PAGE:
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Lady Baltimore eBook

This eBook from the Gutenberg Project consists of approximately 279 pages of information about Lady Baltimore.
to those of Kings Port; but fashion has pushed these others out of its sight, among back streets and all sorts of forgotten purlieus and abandoned dignity, and takes its walks to-day amid cold, expensive ugliness; while the old brick walls of Kings Port continually frame your steps with charm.  No one workman famous for his skill built them so well proportioned, so true to comeliness; it was the general hand of their age that could shape nothing wrong, as the hand of to-day can shape nothing right, save by a rigid following of the old.

I gave myself the pleasure this afternoon of walking by the churchyard wall; and when I reached the iron gate, there was Daddy Ben.  So full was I of my thoughts concerning John Mayrant, and the vicissitudes of his heart, and the Custom House, that I was moved to have words with the old man upon the general topic.

“Well,” I said, “and so Mr. John is going to be married.”

No attempt to start a chat ever failed more signally.  He assented with a manner of mingled civility and reserve that was perfection, and after the two syllables of which his answer consisted, he remained as impenetrably respectful as before.  I felt rather high and dry, but I tried it again:—­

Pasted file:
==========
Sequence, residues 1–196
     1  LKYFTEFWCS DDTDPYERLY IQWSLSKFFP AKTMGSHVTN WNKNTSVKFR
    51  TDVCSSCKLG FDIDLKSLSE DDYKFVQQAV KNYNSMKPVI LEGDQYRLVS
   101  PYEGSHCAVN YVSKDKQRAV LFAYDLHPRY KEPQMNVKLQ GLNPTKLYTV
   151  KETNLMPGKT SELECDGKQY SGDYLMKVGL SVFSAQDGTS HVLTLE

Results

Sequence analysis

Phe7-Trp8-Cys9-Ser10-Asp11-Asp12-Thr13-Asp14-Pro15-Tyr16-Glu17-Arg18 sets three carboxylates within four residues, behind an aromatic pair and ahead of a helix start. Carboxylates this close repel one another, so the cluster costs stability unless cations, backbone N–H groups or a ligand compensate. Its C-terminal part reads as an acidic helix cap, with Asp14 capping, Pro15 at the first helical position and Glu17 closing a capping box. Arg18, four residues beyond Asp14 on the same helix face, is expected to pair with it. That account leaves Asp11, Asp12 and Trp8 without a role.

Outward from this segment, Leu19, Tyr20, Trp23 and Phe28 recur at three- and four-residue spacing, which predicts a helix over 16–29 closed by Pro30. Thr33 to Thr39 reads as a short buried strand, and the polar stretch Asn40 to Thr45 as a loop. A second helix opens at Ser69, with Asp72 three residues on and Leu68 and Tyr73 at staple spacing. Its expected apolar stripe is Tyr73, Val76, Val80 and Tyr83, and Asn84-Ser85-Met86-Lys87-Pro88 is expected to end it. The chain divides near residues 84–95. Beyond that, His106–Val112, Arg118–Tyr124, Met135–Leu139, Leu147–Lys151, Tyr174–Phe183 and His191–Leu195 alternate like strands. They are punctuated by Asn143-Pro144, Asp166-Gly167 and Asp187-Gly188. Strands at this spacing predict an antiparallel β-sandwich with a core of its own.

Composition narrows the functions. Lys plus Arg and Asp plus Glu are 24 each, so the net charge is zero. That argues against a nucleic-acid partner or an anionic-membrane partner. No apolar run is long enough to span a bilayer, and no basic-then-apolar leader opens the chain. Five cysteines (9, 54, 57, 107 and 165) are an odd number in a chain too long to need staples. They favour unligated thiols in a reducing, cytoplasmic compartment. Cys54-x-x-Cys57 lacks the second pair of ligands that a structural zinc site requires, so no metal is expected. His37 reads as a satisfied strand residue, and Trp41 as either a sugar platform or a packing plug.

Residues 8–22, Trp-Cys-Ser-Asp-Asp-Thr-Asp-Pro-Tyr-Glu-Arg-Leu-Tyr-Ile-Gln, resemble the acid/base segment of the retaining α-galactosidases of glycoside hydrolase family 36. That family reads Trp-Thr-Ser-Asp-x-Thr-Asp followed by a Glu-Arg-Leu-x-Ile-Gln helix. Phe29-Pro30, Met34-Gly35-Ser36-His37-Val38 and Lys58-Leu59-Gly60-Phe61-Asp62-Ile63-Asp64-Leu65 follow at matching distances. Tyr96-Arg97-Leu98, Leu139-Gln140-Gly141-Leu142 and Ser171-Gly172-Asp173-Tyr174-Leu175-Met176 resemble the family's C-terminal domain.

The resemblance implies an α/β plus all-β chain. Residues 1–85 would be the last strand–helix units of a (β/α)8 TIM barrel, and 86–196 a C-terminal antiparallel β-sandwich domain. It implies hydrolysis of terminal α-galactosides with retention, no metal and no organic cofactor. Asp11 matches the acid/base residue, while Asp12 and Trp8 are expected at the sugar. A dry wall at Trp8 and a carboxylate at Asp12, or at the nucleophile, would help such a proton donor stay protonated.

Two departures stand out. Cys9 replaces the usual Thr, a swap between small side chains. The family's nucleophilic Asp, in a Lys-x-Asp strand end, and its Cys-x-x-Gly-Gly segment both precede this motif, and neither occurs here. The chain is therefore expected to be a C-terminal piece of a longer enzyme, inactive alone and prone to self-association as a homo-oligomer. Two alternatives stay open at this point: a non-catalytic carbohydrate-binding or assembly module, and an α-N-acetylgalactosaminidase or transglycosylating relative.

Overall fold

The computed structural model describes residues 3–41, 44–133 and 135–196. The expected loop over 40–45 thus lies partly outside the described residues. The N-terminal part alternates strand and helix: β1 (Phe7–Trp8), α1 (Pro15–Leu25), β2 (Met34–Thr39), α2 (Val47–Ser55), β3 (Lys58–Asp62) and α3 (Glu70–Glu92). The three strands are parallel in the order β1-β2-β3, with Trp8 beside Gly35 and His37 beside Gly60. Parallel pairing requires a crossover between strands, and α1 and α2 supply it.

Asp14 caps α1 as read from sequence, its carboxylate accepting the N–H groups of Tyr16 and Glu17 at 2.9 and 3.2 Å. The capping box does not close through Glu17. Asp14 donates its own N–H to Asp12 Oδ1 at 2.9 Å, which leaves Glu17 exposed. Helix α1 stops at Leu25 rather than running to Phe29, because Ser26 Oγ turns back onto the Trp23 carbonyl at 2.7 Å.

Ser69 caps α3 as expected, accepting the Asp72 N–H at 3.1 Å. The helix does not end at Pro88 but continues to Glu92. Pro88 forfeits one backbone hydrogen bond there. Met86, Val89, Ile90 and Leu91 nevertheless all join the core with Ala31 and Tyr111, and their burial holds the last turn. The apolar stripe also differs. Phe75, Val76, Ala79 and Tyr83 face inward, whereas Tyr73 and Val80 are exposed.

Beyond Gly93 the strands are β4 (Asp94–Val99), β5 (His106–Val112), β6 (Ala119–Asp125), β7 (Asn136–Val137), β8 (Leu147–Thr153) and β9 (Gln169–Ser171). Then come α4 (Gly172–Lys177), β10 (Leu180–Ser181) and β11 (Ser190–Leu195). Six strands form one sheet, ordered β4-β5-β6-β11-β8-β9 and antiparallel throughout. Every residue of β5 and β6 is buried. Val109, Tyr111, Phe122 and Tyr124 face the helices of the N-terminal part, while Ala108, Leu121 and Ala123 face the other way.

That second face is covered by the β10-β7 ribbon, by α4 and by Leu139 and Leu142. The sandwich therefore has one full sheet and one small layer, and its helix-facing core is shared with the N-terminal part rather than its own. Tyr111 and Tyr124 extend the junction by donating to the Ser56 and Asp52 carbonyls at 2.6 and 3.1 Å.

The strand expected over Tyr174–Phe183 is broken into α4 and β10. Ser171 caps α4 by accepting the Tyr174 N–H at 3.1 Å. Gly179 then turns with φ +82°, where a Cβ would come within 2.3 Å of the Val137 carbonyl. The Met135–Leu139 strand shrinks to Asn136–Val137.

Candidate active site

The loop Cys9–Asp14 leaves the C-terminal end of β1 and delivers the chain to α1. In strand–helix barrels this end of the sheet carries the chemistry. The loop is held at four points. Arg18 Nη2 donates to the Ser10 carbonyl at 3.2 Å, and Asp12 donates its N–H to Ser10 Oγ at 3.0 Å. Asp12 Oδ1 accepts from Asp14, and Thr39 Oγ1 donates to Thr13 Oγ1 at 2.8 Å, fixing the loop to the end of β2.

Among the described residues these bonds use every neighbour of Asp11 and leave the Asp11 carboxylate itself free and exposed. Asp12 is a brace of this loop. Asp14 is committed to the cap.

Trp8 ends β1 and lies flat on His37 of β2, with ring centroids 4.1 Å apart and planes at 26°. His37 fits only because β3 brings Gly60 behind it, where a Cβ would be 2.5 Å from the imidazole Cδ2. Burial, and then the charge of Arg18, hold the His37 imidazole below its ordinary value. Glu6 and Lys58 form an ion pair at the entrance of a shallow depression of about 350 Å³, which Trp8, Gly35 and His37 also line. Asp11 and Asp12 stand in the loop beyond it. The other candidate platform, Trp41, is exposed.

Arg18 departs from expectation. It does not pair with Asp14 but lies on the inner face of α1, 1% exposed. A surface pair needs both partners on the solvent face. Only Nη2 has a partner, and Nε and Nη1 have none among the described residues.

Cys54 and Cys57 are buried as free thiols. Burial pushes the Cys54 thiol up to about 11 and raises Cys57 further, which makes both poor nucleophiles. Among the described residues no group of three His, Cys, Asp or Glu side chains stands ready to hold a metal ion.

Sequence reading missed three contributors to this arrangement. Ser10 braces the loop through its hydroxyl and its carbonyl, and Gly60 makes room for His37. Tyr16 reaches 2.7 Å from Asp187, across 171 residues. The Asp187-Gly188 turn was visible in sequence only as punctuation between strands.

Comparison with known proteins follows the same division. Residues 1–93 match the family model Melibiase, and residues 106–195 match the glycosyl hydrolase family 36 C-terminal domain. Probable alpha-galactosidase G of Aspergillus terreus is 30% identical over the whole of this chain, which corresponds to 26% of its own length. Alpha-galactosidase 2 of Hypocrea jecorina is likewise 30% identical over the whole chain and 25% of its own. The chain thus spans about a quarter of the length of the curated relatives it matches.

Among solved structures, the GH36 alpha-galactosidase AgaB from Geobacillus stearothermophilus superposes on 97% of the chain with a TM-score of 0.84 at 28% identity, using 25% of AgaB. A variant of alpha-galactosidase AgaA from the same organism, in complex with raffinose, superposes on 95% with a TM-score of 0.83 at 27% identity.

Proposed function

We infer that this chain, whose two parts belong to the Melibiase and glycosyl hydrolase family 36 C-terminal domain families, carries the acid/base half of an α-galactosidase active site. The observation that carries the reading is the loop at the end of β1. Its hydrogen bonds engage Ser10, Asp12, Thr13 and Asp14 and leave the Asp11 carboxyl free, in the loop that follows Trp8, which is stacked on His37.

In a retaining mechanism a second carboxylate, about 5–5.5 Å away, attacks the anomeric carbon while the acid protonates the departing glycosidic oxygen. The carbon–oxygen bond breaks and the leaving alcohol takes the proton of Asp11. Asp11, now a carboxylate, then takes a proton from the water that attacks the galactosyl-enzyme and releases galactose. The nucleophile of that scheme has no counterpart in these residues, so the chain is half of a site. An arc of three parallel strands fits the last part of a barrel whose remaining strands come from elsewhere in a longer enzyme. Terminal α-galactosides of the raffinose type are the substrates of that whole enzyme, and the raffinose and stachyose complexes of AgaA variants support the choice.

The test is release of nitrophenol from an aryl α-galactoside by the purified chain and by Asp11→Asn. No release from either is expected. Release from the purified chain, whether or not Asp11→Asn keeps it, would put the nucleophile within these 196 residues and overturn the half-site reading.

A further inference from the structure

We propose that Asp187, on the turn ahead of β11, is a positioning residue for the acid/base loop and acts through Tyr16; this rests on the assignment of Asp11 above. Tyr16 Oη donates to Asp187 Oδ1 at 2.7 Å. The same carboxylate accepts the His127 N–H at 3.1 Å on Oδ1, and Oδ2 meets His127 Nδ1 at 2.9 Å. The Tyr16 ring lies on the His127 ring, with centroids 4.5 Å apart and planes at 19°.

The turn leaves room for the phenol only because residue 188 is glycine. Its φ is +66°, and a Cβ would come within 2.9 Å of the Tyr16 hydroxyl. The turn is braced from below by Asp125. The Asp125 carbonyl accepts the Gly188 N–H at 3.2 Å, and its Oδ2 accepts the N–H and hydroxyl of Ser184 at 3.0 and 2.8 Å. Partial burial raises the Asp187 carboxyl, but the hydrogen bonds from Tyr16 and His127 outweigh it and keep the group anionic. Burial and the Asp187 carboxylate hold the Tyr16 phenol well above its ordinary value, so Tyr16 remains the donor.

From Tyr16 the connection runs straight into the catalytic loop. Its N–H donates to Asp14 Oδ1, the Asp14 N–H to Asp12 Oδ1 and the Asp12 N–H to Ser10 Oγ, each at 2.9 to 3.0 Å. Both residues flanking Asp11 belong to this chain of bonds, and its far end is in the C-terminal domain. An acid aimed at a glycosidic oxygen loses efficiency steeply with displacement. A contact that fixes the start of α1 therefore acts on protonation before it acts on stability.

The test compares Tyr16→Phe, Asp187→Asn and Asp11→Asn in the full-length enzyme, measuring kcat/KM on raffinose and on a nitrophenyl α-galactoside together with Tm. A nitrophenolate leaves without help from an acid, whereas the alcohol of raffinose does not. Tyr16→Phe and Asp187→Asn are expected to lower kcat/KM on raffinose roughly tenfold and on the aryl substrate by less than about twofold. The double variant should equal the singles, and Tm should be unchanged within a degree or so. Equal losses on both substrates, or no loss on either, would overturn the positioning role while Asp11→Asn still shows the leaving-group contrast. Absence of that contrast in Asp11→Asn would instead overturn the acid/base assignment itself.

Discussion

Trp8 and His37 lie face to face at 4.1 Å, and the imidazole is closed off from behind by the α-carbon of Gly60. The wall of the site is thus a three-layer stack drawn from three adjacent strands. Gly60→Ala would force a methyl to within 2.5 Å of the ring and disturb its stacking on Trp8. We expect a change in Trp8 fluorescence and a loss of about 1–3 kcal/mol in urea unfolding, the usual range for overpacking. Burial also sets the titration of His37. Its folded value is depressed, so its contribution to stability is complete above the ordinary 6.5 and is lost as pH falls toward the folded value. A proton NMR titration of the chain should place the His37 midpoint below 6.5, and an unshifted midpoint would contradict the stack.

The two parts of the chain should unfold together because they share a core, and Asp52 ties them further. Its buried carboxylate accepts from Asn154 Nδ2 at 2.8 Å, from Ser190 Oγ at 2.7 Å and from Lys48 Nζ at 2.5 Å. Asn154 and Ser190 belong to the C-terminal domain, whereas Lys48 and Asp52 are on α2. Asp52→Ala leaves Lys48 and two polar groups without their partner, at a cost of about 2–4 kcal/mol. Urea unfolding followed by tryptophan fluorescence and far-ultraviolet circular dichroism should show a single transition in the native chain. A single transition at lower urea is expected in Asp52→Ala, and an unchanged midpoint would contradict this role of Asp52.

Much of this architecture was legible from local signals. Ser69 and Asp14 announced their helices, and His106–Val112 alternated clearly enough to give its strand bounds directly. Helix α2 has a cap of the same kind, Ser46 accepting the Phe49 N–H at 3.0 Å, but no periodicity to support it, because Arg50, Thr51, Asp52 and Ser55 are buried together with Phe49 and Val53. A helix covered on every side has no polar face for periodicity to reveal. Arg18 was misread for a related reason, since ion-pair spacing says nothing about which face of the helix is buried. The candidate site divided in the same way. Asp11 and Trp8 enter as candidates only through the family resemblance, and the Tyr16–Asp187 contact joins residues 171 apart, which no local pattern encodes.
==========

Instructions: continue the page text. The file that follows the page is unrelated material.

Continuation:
“And I’m sure, Daddy Ben, that you feel as sorry as any of the family that the phosphates failed.”

Again he replied with his two syllables of assent, and again he stood mute, respectful, a little bent with his great age; but now his good manners—­and better manners were never seen—­impelled him to break silence upon some subject, since he would not permit himself to speak concerning the one which I had introduced.  It was the phosphates which inspired him.

“Dey is mighty fine prostrate wukks heah, sah.”

“Yes, I’ve been told so, Daddy Ben.”

“On dis side up de ribber an’ tudder side down de ribber ’cross de new bridge.  Wuth visitin’ fo’ strangers, sah.”

I now felt entirely high and dry.  I had attempted to enter into conversation with him about the intimate affairs of a family to which he felt that he belonged; and with perfect tact he had not only declined to discuss them with me, but had delicately informed me that I was a stranger and as such had better visit the phosphate works among the other sights of Kings Port.  No diplomat could have done it better; and as I walled away from him I knew that he regarded me as an outsider, a Northerner, belonging to a race hostile to his people; he had seen Mas’ John friendly with me, but that was Mas’ John’s affair.  And so it was that if the ladies had kept something from me, this cunning, old, polite, coal-black African had kept everything from me.

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